Visiting Fred’s house, I’ve always been struck by the incredible collection of vintage national parks blankets he has.  His bed is literally buried in them, so many that I wonder how he is able to get in bed at night.  He has chests full of them, each with a very specific historical significance that he can explain.   The stripes and designs of each blanket have meaning, and many of them are limited editions or historical versions that are no longer produced.  It seems almost as if there as many variations to collect as there are with Hummel figurines.

grand-canyon-blanket.jpgFred has been single-handedly responsible for my interest in the Pendletons, too.  Not long after he wrote his first article, Eleanor and I spotted a limited edition Grand Canyon blanket at the North Rim, and we bought it as an anniversary present to ourselves.  A few months later, I bought another one on eBay, “Homage To Spider Woman.”  (No, not Spiderman’s girlfriend, but a person from Native American lore.)  That one was featured in a fine art post card by Facerock Productions (no longer pictured on their website) and came to me with some red dust still in it from the photo shoot.

man-in-the-maze-blanket.jpgThe Spider Woman blanket was used on our couch for the winter, and has since gone into the Caravel.  The Grand Canyon blanket covered our bed in the house until this summer when I bought three more Pendletons in a bit of a blow-out sale.  A guy had gotten these using coupons he’d won at an Indian casino, and was selling them on eBay for cash. Fred, again, was the motivating factor. He emailed me to say, “You’ve got to have this one!” and looking at the Man In The Maze pattern, I decided he was right.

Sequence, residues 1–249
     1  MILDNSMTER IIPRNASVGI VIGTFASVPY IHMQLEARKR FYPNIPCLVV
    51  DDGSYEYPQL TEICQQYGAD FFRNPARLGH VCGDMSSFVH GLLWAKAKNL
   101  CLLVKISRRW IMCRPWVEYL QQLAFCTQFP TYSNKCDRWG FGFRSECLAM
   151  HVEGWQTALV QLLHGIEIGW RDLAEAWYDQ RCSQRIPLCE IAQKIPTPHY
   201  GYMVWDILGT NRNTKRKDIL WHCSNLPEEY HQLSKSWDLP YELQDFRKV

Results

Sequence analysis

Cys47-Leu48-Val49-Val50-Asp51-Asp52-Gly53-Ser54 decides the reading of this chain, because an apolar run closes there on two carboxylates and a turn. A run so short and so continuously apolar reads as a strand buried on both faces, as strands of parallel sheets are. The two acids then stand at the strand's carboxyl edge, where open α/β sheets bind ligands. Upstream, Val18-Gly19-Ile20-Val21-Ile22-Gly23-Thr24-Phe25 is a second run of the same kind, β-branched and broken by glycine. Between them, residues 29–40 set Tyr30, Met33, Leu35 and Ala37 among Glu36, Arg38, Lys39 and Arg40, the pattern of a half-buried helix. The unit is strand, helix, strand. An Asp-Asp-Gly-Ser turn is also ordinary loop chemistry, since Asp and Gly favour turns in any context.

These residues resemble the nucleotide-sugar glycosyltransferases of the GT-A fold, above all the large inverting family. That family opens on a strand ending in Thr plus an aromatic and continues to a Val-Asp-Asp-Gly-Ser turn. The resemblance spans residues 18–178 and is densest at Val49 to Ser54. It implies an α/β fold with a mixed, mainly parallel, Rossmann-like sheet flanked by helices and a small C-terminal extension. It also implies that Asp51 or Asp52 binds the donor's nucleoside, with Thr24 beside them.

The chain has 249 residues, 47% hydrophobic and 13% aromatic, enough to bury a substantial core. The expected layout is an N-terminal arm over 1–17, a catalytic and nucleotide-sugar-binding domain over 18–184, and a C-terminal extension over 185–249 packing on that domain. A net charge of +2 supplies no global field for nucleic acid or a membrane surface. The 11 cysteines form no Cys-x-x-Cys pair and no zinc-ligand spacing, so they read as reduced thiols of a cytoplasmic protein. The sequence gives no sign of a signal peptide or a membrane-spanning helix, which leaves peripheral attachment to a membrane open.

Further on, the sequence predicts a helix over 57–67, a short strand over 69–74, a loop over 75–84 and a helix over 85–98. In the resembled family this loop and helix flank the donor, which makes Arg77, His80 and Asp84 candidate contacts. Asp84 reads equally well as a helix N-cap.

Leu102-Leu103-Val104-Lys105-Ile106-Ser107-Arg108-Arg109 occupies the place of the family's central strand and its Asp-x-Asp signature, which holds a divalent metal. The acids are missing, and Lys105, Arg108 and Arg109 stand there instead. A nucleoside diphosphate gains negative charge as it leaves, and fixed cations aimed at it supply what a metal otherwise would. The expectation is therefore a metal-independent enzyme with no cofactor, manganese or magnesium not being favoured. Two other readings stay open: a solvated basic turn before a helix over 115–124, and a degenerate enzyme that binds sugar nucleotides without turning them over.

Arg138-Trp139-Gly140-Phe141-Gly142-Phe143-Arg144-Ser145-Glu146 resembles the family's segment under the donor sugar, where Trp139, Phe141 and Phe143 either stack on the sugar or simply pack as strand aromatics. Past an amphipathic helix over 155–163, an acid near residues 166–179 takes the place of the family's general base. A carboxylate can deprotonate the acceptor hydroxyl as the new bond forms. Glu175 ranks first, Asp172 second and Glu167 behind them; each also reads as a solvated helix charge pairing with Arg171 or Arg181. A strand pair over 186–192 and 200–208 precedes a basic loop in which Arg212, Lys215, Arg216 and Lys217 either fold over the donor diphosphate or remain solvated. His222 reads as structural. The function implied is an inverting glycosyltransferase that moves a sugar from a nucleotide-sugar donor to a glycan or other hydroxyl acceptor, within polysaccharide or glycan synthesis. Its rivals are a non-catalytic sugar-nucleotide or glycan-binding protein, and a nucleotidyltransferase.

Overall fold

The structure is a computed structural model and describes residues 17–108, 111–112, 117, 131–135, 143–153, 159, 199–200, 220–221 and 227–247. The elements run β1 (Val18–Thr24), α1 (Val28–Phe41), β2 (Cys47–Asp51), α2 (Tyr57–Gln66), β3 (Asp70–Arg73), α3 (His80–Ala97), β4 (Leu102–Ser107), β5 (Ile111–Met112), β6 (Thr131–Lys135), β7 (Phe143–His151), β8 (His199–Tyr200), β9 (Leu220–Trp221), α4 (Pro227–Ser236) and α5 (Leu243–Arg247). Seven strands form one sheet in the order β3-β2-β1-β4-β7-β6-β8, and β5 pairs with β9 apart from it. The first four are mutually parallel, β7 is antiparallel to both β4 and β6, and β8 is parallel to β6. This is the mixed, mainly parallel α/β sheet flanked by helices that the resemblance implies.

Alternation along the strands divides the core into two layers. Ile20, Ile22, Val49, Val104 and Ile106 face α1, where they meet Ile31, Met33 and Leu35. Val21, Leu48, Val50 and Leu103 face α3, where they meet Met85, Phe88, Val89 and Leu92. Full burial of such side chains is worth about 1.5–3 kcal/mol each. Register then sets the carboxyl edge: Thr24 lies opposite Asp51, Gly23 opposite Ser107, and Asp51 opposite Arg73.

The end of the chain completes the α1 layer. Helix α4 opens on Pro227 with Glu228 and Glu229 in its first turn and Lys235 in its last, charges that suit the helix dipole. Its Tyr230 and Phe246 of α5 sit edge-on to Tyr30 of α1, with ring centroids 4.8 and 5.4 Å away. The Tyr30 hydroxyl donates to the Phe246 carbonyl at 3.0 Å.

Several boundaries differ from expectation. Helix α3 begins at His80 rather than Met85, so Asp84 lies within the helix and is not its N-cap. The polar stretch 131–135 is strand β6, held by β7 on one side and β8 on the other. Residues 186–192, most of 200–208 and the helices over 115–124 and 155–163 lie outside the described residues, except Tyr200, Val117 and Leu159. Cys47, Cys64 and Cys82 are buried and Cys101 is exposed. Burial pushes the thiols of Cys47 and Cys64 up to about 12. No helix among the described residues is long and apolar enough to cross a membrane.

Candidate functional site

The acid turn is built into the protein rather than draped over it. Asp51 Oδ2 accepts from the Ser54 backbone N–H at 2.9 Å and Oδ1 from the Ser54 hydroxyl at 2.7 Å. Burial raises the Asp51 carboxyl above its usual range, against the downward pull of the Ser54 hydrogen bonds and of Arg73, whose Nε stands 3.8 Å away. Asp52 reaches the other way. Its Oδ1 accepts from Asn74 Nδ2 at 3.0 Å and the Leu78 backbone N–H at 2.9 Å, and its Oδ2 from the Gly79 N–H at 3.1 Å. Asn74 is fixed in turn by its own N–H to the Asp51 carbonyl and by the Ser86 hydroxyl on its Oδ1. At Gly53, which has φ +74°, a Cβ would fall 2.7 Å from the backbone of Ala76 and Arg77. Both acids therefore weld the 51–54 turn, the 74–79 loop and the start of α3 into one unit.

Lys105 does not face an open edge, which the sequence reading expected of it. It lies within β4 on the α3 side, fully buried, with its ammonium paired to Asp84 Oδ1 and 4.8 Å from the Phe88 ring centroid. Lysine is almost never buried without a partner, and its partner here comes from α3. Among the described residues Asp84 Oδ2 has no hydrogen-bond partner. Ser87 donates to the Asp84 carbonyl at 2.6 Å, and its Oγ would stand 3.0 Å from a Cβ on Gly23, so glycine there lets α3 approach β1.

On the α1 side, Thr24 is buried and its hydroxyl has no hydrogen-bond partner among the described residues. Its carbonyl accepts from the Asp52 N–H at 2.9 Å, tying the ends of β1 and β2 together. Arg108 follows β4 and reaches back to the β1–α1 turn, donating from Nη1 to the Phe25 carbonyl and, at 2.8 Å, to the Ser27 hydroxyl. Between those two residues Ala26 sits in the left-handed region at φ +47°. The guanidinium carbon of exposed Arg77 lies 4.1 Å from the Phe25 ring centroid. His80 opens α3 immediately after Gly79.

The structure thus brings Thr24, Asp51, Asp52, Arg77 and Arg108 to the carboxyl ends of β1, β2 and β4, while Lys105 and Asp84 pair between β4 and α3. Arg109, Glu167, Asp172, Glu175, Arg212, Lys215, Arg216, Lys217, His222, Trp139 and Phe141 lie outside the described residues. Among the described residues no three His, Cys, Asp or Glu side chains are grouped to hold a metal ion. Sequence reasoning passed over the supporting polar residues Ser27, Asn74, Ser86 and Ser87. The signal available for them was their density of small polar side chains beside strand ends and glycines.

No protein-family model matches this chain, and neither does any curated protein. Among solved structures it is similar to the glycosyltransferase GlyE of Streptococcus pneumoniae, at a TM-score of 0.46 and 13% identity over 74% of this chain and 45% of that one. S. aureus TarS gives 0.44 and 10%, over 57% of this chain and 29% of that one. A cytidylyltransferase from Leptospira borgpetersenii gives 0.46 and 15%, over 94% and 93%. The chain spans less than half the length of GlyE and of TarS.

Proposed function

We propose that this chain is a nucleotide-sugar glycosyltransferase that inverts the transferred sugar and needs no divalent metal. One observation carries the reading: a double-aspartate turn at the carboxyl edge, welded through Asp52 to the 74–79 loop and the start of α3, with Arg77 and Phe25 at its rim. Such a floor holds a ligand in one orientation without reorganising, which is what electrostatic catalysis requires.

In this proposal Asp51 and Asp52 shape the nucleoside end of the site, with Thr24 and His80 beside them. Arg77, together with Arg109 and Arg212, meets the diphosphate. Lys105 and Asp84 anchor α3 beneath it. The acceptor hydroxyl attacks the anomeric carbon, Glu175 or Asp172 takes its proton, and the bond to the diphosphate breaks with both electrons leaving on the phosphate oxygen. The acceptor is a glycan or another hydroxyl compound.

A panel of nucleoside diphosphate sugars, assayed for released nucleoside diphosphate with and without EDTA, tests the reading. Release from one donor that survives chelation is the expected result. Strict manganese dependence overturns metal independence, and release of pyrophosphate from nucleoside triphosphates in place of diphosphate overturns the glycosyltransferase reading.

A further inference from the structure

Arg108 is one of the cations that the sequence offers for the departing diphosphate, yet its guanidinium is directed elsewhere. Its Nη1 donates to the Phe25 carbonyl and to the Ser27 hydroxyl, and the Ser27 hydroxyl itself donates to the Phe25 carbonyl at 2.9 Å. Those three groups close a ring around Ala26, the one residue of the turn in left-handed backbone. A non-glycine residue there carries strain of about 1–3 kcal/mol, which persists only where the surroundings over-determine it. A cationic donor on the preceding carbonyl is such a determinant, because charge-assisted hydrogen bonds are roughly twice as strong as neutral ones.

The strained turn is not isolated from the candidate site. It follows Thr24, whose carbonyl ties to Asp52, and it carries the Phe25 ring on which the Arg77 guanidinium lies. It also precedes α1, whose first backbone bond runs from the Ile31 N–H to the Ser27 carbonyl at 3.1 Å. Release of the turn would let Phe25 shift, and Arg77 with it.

the-record-keeper-blanket.jpgWhen the buyer came over, he offered me a deal I couldn’t refuse on “The Record Keeper” (pictured at left), so now we have a total of four Pendletons. One for each Airstream, one for Emma’s bed, one for our bed. I plan to rotate them around, since I love all of the designs.

Pendleton makes the collecting habit even more addictive by creating limited-production versions for special groups.  For example, the special Grand Canyon blanket we bought could only be purchased at the North or South Rim stores, and only for a year or so.  It wasn’t even advertised.  You had to go there in order to get one.  The “Man In The Maze” blanket is only sold by the Tohono O’odham community in Arizona.  My Spider Woman blanket is also no longer available.  There are zillions of really cool designs that you simply can’t buy today, unless you can find one used. This ensures scarcity of certain designs, and drives collectors into a frenzy to get “rare” blankets.

But the only really bad thing about collecting these Pendletons is that they are expensive.  Typical retail is $200+, although I’ve managed some bargains.  They last forever, with appropriate care,  and can become heirlooms, but there’s no doubt that collecting blankets is not cheap.